Unless you access to the necessary resources sufficient to fund solicitors on a conventional time cost basis, it is likely to be extremely to meet open-ended legal costs that may exist in litigation or other types of legal proceedings, especially where there is no guarantee of such expenditure being recovered from your opponent.
This is especially the case as such costs are based on time spent on matters which are difficult to estimate and are often beyond your control. However, particularly for Court proceedings, the problem often encountered is that, at the same time, you may either have a very good claim or a very good defence. You just can’t afford the necessary legal advisors to exploit the strength of your case right now.
For some people, it is a case that all their wealth is wrapped up in their home or other property assets, which they either do not or are unable to release to fund a litigation claim or defence of such a claim (despite the benefit that a majority of such legal costs are recoverable if you are successful).
For others, their wealth may be in their income and whilst the proceedings may be very expensive over a short period of time, in the medium-term they do not have the income necessary to repay such costs (although, if they are successful, they may in any event recoup their legal costs from their opponent).
Accordingly, when it comes to instructing a solicitor, despite the paper-based wealth of the client it is often extremely difficult to pay for legal services and solicitors’ costs.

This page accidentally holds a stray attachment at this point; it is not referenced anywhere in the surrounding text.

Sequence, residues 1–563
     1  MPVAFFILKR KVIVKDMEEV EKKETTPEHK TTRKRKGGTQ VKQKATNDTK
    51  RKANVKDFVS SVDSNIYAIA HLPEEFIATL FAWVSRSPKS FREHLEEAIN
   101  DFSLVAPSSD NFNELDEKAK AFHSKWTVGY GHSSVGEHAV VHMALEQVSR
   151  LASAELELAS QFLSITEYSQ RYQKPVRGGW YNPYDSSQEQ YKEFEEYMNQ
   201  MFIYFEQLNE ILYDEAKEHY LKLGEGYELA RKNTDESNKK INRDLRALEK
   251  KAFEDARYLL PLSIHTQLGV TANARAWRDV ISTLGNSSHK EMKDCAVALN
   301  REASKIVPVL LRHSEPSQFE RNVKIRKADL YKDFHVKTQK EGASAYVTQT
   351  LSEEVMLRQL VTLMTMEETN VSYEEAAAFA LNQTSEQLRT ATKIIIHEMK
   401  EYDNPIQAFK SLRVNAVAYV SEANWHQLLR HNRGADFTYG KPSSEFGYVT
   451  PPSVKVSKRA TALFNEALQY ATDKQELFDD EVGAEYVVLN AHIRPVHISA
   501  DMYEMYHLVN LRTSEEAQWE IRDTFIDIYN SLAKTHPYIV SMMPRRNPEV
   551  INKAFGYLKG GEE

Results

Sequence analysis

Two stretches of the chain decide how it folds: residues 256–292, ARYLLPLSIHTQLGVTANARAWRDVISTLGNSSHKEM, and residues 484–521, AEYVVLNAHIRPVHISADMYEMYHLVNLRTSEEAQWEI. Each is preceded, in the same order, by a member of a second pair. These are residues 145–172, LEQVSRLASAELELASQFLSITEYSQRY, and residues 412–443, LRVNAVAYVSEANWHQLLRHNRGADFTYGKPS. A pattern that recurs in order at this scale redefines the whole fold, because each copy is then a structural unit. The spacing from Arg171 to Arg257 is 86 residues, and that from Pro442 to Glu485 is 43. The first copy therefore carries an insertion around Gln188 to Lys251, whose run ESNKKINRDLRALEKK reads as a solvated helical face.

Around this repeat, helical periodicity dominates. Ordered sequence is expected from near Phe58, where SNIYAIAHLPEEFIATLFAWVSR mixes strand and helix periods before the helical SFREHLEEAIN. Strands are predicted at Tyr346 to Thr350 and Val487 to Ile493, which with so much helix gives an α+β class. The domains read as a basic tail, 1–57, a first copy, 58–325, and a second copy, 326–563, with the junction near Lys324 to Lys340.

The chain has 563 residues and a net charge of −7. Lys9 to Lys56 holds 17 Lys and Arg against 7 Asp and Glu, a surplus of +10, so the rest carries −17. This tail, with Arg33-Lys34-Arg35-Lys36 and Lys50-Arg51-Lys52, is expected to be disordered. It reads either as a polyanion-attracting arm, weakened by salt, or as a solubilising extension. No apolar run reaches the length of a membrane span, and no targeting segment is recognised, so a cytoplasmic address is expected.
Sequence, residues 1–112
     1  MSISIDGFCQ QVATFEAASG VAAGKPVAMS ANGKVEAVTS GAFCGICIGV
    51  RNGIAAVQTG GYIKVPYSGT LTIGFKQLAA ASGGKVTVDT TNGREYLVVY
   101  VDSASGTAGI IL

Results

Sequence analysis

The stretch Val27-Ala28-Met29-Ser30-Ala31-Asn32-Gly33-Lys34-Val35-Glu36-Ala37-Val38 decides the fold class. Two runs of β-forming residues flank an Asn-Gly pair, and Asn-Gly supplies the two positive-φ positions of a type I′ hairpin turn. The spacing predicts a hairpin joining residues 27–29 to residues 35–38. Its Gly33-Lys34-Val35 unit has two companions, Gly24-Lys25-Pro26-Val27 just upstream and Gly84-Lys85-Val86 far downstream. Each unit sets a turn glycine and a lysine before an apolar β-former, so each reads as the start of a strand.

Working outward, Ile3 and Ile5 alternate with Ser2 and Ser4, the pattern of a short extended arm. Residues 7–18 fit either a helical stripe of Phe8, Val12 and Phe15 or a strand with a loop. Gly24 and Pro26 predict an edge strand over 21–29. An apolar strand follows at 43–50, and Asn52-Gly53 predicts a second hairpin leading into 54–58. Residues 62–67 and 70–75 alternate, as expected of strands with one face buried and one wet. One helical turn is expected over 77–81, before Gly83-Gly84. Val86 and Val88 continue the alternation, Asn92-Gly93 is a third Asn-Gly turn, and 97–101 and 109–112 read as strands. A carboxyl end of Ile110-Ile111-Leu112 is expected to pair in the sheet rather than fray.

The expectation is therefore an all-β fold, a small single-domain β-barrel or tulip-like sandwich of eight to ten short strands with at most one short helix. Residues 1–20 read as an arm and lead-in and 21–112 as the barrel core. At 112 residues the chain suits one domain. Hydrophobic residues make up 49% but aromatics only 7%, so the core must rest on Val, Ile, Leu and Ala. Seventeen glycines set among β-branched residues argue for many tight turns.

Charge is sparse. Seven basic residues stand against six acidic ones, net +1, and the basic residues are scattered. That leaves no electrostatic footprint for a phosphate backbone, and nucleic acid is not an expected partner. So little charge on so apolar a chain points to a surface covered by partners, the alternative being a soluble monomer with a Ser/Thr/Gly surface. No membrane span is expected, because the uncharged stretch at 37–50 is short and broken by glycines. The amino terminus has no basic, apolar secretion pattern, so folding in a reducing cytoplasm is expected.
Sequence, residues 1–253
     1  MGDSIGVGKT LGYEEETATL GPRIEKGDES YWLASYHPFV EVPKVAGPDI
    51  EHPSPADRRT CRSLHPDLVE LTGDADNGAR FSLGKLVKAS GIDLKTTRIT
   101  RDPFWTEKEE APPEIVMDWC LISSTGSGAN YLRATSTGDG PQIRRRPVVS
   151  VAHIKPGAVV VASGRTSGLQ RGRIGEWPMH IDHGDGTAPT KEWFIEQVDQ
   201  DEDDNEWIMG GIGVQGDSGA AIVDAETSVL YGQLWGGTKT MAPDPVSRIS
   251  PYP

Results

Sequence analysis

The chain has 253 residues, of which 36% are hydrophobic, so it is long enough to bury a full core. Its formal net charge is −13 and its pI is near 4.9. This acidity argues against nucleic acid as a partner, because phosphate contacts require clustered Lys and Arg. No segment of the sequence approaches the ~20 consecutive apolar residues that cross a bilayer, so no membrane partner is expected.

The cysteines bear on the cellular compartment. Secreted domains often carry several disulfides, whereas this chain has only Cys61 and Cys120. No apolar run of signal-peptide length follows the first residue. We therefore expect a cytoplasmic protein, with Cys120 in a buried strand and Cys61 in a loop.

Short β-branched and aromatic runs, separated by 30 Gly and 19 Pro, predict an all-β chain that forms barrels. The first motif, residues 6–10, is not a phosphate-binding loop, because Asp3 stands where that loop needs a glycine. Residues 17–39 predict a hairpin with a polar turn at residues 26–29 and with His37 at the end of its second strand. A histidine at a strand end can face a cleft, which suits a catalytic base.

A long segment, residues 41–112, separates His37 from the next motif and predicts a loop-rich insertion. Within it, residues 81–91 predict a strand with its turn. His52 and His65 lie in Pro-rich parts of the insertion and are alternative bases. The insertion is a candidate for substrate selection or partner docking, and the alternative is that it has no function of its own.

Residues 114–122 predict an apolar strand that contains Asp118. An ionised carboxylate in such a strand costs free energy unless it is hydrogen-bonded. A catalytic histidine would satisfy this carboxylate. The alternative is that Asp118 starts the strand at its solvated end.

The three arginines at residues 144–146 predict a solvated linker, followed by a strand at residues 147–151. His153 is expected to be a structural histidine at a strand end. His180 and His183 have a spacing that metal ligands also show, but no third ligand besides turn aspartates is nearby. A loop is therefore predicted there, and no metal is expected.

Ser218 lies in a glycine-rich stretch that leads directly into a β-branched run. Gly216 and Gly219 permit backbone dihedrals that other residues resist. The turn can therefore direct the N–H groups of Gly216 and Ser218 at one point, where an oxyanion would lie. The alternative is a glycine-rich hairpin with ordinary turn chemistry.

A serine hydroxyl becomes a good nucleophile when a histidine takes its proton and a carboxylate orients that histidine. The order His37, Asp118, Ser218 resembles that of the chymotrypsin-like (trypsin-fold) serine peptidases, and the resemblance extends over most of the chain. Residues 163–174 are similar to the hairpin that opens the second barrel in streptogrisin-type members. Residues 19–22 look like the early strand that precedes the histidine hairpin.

Lending for Legals
However, help is at hand by way of litigation funders who may provide a line of credit or funds to pay such legal costs in a similar manner to a conventional loan.
The obvious answer to the cash flow difficulty is to borrow the monies required to pay for such legal services. However this is often not as straightforward as it may appear. Whilst a credit card, for example, may service some initial legal costs, for any complex or lengthy instructions it is doubtful whether your credit card limit will extend to cover extensive legal proceedings.
Where you have property assets, the first resort may be to turn to your property for a remortgage (although this will not be preferable to a lot of people, especially those who jointly own their property). However, even if you were able to do this, a conventional high street lender will not usually lend against your residential property for legal services to conduct litigation which they may regards as speculative, since it is not guaranteed and also carries a lot of risk (in litigation proceedings) that additional liabilities in terms of any claim against you for your opponent’s legal and solicitors’ costs may arise (and potentially lead to your bankruptcy).
Whilst such risks can be minimised by taking out necessary After the Event Insurance it is certain that seeking a loan via the conventional routes is almost certainly likely to fail.
The term “Bridging Finance” usually extends to short-term, and potentially high interest, loans as a temporary stopgap until more permanent finance is arranged.
However, this term has in recent years been adopted by financiers to refer to finance provided on a temporary basis awaiting an outcome, for example the outcome of litigation proceedings or the outcome of any negotiations in respect of contentious or non-contentious matters.
At Francis Wilks & Jones we have several relationships with brokers and financiers who specialise in providing loans to bring or continue legal proceedings, in circumstances that would otherwise put off standard lenders.